v17 replaygain doesn't seem to be working
Thanks for the tips.

I've done a test run with Foobar2000 and it seems straightforward to use. I'm setting both Album and Track Replaygain Tags with the Album setting based on select by tag. I play music both randomly and by album so need both at different times.

Hi Guys
I have some queries

1)Should I use apply gain with clipping or just gain??

2)dbamp set to 0 which is 89db or should I use another number ?

3) I dont understand where foobar save the tag on id3 or ape? I want to use id3

4)is it dangerous to set both Album and Track Replaygain ?
I'm no expert but this is what I'm doing....

1. Just applying gain and not bothering about clipping.

2. The de facto standard seems to be 89db and this is what I use.

3. Foobar saves the tag in the metadata part of the music file. The default, I think, in Foobar is for ID3v2.3 tags to be written. You can check or alter this in Foobar by going to Files>Preferences>Advanced>Tagging>MP3

4. You can set both Album and Track Replaygain. Within Kodi you have the option to set the default as one or the other. If you listen to random music then I would suggest setting it to Track Replaygain. If you're going to listen to complete albums, then set it to Album Replaygain.

The replaygain tags are non destructive and don't affect the original levels. Rather the values are picked up by the player and used to adjust the pre amplification to produce a perceived constant 'volume'. Some programs, such as MP3Gain do have the ability to actually apply the gain settings to the music data file itself and this could be useful if you playback the music via a program that does not read and use the replaygain tags. However, you've now destroyed the original data - unless you've taken a backup.
Just want to chip in here and let users know of a potential alternative that I use that is (somewhat) linked to Foobar2000...

If like me, you simply can't get your head around Foobar2000 and want a method slightly simpler, try dbPoweramp's Batch Converter with the ReplayGain Plugin/'encoder'. The [ReplayGain] 'encoder' does not alter the audio data in any way, it simply adds the relevent tags to the ID3 tags of your music files, and that's it. It supports Album Gain, Track Gain, Album/Track Peak and ItunesNORM tags. Combinations of all of these are selectable and it also suppports the 'EBU-R128' method algorithm that is supposed to be superior even to the ReplayGain standard while still writing the calculated values using standards-compliant 'ReplayGain' ID3 tags. It will also work on ID3v2.3 and ID3v2.4 tags without issue.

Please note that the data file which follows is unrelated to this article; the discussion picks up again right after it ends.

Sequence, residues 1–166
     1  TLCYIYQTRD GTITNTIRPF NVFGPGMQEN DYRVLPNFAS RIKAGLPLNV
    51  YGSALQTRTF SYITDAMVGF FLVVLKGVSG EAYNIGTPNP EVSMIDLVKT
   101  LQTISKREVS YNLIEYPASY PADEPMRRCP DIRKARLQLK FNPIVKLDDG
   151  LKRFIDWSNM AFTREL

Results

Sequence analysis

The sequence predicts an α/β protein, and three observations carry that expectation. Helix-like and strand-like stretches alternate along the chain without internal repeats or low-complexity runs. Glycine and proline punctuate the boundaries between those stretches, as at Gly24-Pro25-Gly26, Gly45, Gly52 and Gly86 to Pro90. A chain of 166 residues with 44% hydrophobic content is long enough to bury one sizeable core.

The only caveat(s) with dbPoweramp is it's not free. The other being that it uses a 2-pass approach. 1st pass to calulate the values, and second pass to actually write them to the source files. However the UI has no progress indication for the second pass, so it can appear as if the converter has 'hung' when processing large amounts of files at the same time. Reason being the 1st pass is run on all selected files, then the 2nd pass is run on the whole file list again. Progress (and the ability to cancel/back-out) is only available for the duration of the 1st pass, so once it's visually 'complete', it proceeds to write out the calculated values on a per-album basis to all the tracks selected. This can induce a considerable delay. Best to run this one overnight if processing a whole library at once. It also tends to baulk on files with even the simplest of errors, so I generally run my files through MP3Diags first (for MP3 files only).

My collection consists solely of FLACS and MP3s as I found out (to my own cost), that M4A's are not nearly as resilient to corruption as I initially thought they would be, especially when using Rsync-type tools to move them about on my network, and the tools simply do not exist to recover M4A's that exist for MP3s. YMMV.

For those who use MusicBrainz Picard to tag their collections, your going to want to do any ReplayGain adjustments AFTER tagging, as by default MB-Picard will strip any tags that it doesn't recognize unless those are added to it's list of exclusions. That is true for ReplayGain tags and also ITunesNORM tags (if added/selected).

On a side note; MP3Gain does not generate ReplayGain tags or calulate gain in the sense that we are trying to do here. It actually NORMALISES the source audio data then adds seperate non-standards-compliant OGG Vorbis comments (EDIT: It may actually be APE tags, it's been a while since I used MP3Gain, so I don't rightly remember) to the end of the file with 'undo' information, so that in theory the changes can be reversed if desired. The effectiveness of such a reversal is debatable at best, not to mention the fact that many tagging tools (MusicBrainz included) also strip / remove non-standards-compliant Vorbis tags from MP3 files by default. This would then leave you with uncorrectable modified files. MP3Gain is somewhat outdated these days as it was developed primarily to cater to those who had legacy 3rd-party devices that did not natively support the ReplayGain standard / tags. I think in this day and age that's going to be a very small niche group of people.